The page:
Selecting a New Facility
Raw materials coming into a small plant often require space for large vehicles to deliver, but shipping out finished products could be a smaller concern before the market share expected has been reached. For small companies suddenly in the spotlight, bit changes may need to occur for them to keep the clients they have earned. Selecting a new facility could keep the company from coming adrift in today’s markets where immediate customer satisfaction is expected.
Not all growing companies are able to afford a larger space, so redesign could be a good way to expand without selecting a new facility. That could hold the company in a stable spot for a few years. As long as their needs are satisfied for production, moving does not have to be an immediate proposition. The company executives can take the time they need to select a new facility that can grow with them over time.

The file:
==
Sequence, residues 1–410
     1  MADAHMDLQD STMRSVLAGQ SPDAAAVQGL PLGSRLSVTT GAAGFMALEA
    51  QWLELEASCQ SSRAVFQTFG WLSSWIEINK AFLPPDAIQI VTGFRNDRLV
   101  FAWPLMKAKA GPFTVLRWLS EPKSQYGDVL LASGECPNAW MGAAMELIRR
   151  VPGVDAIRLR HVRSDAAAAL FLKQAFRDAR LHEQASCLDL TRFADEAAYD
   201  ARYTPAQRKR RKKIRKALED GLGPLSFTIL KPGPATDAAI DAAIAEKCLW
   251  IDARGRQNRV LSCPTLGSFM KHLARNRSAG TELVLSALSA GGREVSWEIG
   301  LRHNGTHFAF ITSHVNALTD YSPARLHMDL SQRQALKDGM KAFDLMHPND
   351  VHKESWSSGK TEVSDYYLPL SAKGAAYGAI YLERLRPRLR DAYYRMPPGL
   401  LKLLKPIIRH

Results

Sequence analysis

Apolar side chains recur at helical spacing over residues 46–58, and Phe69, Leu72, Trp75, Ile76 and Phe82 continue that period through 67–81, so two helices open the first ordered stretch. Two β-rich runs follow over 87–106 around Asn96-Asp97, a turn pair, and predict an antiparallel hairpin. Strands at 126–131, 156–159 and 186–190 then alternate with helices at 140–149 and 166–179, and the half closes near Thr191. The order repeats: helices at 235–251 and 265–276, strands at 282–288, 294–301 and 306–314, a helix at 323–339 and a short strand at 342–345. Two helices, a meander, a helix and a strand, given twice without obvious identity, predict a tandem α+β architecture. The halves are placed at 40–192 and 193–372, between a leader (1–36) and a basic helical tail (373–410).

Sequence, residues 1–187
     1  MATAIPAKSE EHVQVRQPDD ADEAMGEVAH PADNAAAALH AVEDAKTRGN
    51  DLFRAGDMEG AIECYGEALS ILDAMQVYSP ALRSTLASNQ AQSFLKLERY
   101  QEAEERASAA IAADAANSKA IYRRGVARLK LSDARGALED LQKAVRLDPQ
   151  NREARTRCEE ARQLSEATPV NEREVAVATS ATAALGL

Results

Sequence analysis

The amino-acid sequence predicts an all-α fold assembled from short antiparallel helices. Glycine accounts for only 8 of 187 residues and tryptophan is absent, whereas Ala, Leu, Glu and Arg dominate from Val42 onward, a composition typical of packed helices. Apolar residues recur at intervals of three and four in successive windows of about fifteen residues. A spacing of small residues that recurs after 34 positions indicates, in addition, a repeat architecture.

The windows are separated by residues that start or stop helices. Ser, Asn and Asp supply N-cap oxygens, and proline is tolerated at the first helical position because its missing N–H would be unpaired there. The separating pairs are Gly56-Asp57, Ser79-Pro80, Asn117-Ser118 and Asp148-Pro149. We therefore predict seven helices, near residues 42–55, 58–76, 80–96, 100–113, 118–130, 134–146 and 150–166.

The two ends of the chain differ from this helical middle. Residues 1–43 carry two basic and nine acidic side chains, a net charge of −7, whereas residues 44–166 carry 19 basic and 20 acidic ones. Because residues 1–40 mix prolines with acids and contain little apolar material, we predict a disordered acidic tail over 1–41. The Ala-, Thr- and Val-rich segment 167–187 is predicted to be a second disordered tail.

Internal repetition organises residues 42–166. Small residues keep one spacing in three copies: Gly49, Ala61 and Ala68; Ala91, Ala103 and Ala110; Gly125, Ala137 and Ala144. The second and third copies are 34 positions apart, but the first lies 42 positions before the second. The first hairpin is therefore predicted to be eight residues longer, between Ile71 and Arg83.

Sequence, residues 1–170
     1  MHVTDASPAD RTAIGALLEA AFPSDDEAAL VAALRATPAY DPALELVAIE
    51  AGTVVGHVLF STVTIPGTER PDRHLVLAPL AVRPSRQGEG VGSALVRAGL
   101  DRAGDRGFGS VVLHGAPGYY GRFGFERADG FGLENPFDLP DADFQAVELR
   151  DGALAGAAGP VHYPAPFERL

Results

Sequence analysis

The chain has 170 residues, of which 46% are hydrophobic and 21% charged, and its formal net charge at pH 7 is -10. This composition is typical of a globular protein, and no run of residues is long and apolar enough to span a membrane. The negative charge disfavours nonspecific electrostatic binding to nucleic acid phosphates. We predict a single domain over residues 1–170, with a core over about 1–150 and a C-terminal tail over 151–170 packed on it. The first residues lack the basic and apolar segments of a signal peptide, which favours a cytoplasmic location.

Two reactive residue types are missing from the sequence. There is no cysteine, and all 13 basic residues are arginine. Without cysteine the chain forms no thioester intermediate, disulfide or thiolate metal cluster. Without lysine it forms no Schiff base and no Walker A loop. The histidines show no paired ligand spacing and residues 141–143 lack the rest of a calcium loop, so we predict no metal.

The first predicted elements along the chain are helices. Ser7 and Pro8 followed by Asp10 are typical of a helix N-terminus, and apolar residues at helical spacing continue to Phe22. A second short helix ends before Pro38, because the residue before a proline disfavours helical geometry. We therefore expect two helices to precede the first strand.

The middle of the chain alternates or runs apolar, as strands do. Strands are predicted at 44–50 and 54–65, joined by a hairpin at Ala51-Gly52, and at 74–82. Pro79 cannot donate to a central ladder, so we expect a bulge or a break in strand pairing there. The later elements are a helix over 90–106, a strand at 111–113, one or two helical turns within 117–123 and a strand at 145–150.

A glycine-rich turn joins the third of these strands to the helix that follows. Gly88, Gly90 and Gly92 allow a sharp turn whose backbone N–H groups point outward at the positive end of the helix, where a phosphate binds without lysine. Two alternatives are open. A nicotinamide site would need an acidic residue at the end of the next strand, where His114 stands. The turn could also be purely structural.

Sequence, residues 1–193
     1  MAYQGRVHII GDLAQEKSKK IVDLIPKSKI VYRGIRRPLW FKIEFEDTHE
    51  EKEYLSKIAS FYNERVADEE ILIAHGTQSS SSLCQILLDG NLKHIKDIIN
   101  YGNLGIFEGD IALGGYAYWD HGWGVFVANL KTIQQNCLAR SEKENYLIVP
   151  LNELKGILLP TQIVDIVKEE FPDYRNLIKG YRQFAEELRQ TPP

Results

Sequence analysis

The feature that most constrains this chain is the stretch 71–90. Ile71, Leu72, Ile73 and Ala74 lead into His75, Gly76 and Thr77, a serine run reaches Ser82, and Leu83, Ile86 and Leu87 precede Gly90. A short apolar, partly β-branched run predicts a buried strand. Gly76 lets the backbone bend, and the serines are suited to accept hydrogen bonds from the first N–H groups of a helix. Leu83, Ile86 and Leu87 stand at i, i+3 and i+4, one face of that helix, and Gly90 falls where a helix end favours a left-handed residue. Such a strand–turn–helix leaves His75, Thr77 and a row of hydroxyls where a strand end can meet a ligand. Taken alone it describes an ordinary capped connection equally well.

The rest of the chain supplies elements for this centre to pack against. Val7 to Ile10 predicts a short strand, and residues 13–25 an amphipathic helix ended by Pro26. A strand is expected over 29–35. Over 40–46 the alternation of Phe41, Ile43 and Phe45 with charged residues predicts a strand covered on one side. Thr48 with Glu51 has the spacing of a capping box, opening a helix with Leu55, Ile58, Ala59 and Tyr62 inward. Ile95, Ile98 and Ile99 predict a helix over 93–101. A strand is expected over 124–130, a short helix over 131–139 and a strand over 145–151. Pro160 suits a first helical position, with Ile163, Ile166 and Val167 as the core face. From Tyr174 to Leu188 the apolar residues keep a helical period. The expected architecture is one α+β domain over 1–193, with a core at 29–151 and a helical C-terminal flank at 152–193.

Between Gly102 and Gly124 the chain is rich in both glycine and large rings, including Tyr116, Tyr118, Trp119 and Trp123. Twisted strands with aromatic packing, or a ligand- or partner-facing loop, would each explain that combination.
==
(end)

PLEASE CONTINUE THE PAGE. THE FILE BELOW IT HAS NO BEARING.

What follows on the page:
Space is important where manufacturing is concerned, but good flow for creating a product can be more of an issue. A small facility with narrow hallways and small spaces might be slowing production already. Moving to a larger facility with the same issues will not alleviate the current problems, so finding and purchasing a space that completely alleviates the bottlenecks is the best investment. It can take a year or more to find and outfit a new location, so the search should begin immediately.
Manufacturing space is often configured for whatever company owned it previously, so retooling and setting up the space properly will take time. Hiring a firm specializing in manufacturing flow would be a prudent decision to suit immediate needs while also incorporating future plans.